New frontiers and costs of recycling

By Catherine
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Written by Catherine Bolgar

open dumpster full of trash

Are we recycling all we could? Organic waste, such as food scraps and yard trimmings, accounts for between a quarter and a third of the solid waste generated in cities—the largest single municipal waste stream, according to Eric A. Goldstein, waste expert at the Natural Resources Defense Council in New York.

If you had to identify one key area of growth for recycling, it would be organics,” he says.

Organic waste in landfills becomes mummified or decomposes anaerobically (i.e. without oxygen), producing methane, a greenhouse gas whose impact on climate change is estimated to be 25 times greater than that of carbon dioxide.

Composted organic waste though becomes a natural fertilizer that helps soil retain moisture and hold carbon. A University of California Berkeley study found that a single application of compost led to a metric ton of carbon capture and storage per hectare annually, for three years.

However, “composting if done well isn’t cheap,” says Glenda Gies, principal of Glenda Gies & Associates Inc., an Ontario-based recycling consultancy. “It requires the right temperature, moisture levels and bacteria populations.”

There’s also the question of who’s responsible for the recycling. With plastic or electronics products, the brand is usually identifiable, even on discarded goods. The manufacturer may then be legally required to recycle them. But by the time organics become waste it’s no longer clear who the brand owner is, and recovery costs then pass to the municipality, consumer or business, “who have been reluctant to pay,” Ms. Gies says.

This hasn’t deterred some city and state authorities from taking a lead. San Francisco has introduced mandatory separate collection of compostable materials, which applies to all residences and businesses, says Kevin Drew, residential and special projects zero-waste coordinator at the city’s department of environment. Massachusetts banned food waste disposal by companies in 2014, sending organics to 49 processors.

Once there, organic waste is processed into methane through digesters (like at sewage treatment plants). And unlike landfills where the methane escapes, the digesters trap it and convert it into natural gas, while the residue is turned into compost. San Francisco and its service provider are building digesters, with the resulting gas used to fuel collection and transfer vehicles, Mr. Drew says.

There’s complete recovery of the energy and compost value in the waste,” he says. “I would argue that this program will be coming to every city in the world.”

colored clothingOther materials also have strong recycling potential. Only 15% of used clothes, towels, bedding and other textiles in the U.S. is donated or recycled, according to the Council for Textile Recycling, with the rest ending up in landfills. In the U.K., about 40% of clothing is re-used or recycled. But more can be done.

“There’s an enormous amount of textiles that are recoverable as clothing,” says Mr. Drew. “There are markets around the world that will take that material. We’re on a quest to recover more textiles.

Cost is key. With traditional recycling streams, such as paper, plastics and glass, changes in technology and commodity prices affect the willingness to recycle.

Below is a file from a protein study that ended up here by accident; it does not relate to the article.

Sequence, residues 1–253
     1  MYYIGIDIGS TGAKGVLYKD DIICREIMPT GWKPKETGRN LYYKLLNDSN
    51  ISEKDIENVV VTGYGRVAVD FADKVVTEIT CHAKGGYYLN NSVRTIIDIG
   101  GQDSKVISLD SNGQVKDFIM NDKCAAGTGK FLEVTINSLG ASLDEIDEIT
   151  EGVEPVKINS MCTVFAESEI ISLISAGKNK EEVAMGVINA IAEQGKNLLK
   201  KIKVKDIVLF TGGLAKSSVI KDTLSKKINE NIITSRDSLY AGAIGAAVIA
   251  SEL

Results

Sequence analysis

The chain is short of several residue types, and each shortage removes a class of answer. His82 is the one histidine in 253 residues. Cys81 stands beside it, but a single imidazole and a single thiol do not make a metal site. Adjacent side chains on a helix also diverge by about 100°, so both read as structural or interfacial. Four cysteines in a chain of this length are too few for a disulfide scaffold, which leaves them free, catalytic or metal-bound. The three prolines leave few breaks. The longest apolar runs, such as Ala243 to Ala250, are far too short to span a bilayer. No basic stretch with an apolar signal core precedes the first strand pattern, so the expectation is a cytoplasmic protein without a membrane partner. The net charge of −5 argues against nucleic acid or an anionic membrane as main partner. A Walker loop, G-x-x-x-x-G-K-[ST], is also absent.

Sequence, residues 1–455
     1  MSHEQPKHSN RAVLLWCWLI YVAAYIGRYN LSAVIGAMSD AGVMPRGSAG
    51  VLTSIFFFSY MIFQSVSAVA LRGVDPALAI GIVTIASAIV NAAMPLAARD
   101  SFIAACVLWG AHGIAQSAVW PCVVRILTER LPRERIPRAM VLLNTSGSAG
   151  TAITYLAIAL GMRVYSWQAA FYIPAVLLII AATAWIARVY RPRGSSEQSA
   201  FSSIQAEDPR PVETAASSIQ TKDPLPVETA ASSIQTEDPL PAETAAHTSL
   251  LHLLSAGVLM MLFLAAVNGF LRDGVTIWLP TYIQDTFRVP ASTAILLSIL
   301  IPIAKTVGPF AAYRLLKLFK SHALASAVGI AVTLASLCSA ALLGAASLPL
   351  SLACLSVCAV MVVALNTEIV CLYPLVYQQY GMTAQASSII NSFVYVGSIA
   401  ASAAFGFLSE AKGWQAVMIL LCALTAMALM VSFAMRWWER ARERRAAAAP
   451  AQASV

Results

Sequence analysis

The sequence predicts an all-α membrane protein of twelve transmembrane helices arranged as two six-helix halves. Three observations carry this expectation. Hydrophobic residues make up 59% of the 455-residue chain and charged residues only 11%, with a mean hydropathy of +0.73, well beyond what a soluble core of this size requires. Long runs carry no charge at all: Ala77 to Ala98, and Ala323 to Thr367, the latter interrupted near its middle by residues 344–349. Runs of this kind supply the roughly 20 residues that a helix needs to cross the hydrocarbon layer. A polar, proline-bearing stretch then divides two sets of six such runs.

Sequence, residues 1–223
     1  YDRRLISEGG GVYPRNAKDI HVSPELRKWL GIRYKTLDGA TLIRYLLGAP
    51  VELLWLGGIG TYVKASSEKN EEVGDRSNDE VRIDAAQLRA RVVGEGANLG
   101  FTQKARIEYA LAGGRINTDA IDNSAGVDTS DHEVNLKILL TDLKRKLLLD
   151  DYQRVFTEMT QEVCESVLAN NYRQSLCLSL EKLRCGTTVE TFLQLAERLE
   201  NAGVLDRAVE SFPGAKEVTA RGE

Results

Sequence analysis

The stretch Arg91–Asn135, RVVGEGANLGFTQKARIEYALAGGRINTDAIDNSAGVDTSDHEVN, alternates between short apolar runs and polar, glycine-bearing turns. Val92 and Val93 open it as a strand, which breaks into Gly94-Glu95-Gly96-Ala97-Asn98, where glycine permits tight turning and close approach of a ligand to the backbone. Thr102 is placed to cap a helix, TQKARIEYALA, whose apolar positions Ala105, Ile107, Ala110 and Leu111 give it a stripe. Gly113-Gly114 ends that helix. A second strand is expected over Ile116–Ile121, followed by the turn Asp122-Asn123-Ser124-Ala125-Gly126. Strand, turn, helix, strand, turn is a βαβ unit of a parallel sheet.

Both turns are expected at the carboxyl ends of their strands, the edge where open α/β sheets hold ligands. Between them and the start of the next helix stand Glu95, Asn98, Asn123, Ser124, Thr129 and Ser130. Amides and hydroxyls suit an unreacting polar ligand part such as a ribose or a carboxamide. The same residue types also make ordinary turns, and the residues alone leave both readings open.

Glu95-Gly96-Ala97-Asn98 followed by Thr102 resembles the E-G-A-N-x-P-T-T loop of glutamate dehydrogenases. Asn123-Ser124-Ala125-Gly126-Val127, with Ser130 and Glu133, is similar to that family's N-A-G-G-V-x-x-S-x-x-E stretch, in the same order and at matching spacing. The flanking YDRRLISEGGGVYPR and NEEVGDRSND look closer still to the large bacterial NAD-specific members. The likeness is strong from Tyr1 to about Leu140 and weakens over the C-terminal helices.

“Companies want to recycle to save money,” says John Daniel, president of Federal International Inc., a St. Louis recycling firm. “In general, companies will increase recycling to the point where it costs them money, and then they stop.”

Recycling bin with glassConsider glass recycling. When collected along with other waste materials, broken glass has to be sifted out at sorting facilities. This may have been worth doing when glass prices were high, but today, “at many facilities, it’s not cost effective to separate out that glass. A significant amount of glass put in recycling doesn’t get recycled,” he says.

Similarly, “when the price of oil was much higher, carpet was able to be recycled,” he notes. “Now it is almost impossible to recycle without the cost being higher than landfilling. The cost of recovering, transporting and processing the material is significantly higher than the value of the material.”

Virgin products may seem cheaper, Ms. Gies says. But if one were to factor in environmental costs—reflected in, say, greenhouse-gas taxes or obligations on manufacturers to recycle returned products—the resulting higher price might be more realistic, and potentially uncompetitive.

“The industry naturally will recover all material demand, provided it is cost effective,” Mr. Daniel explains. “As the price goes up, then recyclers have the ability to dive in deeper and start recovering higher-cost material. The best way to increase recycling rates is to improve the demand for products made from recycled materials. Our industry will take care of filling the supply.”

 

Catherine Bolgar is a former managing editor of The Wall Street Journal Europe. For more from Catherine Bolgar, contributors from the Economist Intelligence Unit along with industry experts, join the Future Realities discussion on LinkedIn.

Photos courtesy of iStock

How can technology protect natural resources?

By Alyssa
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In recent years, due to growth in places like China and India and increasing urbanization, demand for natural resources has dramatically increased. Natural resources companies are under pressure to provide the materials to feed that growing appetite – while at the same time protecting the environment and local communities where the resources are found. Because these resources can take millions of years to replace, it’s critical to be very aware of where the resources are so that we can understand the available inventory and the costs of extracting them.